“scripts”: {    “gen”: “./cli/index.js”},

Now our script can be run using yarn gen.

For my use case, the CLI was only needed in one repo. If you want your CLI to be available globally (can be run from any directory), you can add the following to package.json

“bin”: {    “generate-project”: “./cli/index.js”}

In most cases, we use yarn global add {package} to install a global package, but because we haven’t published our package yet, we need to link our local directory as a global package. Run yarn global add $PWD (npm install -g ./) to link your current directory to the global npm folder. Now your command generate-project is available globally.

Asking questions with Inquirer

Inquirer provides a method prompt which will prompt for each question in an array. It returns a promise containing the answers to those questions. There are different input types such as true/false or string available. See for a list.

Let’s add another question. What is your favourite hex code?


Creating files using fs

Now that we have user input, we can start generating project files! For this example, let’s generate a simple HTML page. You can generate any kind of file or code. At Hootsuite, the CLI that I created generates JavaScript code.

Let’s create a new folder for our project with fs.mkdirSync, which takes a path as a string and creates a new folder. Set recursive to true if you are creating nested folders. (Note: the recursive option requires a node version >=10.12.0. If you run into Error: ENOENT: no such file or directory, mkdir, try upgrading Node.)


Let’s create a new method called createHtmlFile


fs.writeFileSync creates a file using file name/path and data. Here we are passing a formatted string as data. This isn’t ideal but we will clean this up later using mustache templates.

And a createCssFile. I’ve added a line to check if the hex code provided includes a #, and an appending one if it does not.


Templating with Mustache

Using formatted strings is pretty ugly and hard to reason about or modify. Mustache allows us to use templates to create our files instead of hard-coded strings.

Create a new file index.html.mustache. I like to use a subdirectory for all the templates, ie templates/index.html.mustache

Both IntelliJ and VSCode automatically recommend plugins to support mustache templates, which should make editing the HTML and CSS files much easier than editing formatted strings.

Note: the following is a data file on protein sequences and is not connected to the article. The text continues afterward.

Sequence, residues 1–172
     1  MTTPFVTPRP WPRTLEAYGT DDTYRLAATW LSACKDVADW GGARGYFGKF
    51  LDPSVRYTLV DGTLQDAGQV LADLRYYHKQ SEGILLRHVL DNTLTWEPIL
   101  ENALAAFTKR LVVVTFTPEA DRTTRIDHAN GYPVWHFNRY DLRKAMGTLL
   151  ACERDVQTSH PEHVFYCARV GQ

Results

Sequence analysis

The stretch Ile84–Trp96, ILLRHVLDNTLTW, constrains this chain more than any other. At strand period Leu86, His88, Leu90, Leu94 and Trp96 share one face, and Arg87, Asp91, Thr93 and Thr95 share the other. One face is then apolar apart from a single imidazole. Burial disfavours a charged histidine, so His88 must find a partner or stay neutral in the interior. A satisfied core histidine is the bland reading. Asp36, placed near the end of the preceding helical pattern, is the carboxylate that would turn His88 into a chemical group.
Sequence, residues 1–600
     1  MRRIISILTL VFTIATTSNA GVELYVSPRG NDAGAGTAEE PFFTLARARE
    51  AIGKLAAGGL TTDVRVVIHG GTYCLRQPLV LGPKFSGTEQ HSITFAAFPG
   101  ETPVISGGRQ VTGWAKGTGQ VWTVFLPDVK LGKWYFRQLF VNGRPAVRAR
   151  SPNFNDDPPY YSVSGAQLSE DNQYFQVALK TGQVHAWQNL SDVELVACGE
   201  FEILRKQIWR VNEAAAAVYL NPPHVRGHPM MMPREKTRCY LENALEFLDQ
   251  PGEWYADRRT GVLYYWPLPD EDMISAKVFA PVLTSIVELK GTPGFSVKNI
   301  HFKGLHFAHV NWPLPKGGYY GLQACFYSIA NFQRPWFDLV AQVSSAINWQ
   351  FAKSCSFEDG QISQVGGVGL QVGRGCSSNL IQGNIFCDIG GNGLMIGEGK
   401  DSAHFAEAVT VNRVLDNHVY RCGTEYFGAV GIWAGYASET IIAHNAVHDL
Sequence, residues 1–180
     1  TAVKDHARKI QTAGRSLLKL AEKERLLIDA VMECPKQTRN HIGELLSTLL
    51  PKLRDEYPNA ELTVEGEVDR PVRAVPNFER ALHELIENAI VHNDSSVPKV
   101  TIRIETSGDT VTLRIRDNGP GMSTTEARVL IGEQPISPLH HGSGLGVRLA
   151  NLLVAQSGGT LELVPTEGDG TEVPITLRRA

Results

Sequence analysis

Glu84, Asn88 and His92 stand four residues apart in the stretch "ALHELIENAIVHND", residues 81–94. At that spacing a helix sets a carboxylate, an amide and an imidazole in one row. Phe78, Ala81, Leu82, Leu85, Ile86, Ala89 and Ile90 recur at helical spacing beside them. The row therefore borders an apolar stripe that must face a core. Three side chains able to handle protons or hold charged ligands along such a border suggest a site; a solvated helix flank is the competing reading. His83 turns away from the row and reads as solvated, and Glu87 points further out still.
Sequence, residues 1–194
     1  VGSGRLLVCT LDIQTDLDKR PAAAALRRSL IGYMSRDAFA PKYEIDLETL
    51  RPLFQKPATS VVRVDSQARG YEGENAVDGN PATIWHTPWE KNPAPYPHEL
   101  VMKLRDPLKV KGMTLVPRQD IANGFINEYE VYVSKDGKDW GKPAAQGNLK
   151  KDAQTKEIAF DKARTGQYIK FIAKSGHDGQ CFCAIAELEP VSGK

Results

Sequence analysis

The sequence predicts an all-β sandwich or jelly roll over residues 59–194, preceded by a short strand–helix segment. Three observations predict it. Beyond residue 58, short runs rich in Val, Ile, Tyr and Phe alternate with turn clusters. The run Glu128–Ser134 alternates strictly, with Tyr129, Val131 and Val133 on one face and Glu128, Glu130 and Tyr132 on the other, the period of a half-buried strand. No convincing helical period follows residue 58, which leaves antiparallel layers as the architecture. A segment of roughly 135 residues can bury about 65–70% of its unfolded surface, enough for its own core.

I’ve added more usages of the name variable. This is a good example of why templating is preferred over changing the file by hand. As the file grows, and as the process is repeated many times, the chance of making a mistake is quite high.


We will use the method mustache.render which takes a template and a view object that contains the data to be used in the template.

createHtmlFile becomes


Because of some nuances of where the script is run from, fs.readFileSync needs a full path to read a file. path.resolve helps us get the full path to the file we need. Then, after getting the template, we apply our variables to the template with mustache.render.

And for our CSS file, create cli/templates/styles.css.mustache


createCssFile becomes


It is good to note that Mustache is ‘logic-less’. All logic, such as appending a # to the hex should be done before rendering the template.

As you can see, there is a bit of code duplication between our two create functions. I’ll leave it up to you to reduce that :)

The final product

Now try running yarn gen and enter your info…

What is your name? IanWhat is your favourite hex code? 078ee8

Let’s see what we’ve made!


Hooray! We’ve generated a webpage based on our CLI tool with variables. Next, try adding more questions to the CLI and adding more content to the page.

This example is a trivial example, but the process can be applied to other types of projects, such as generating boilerplate code project skeletons.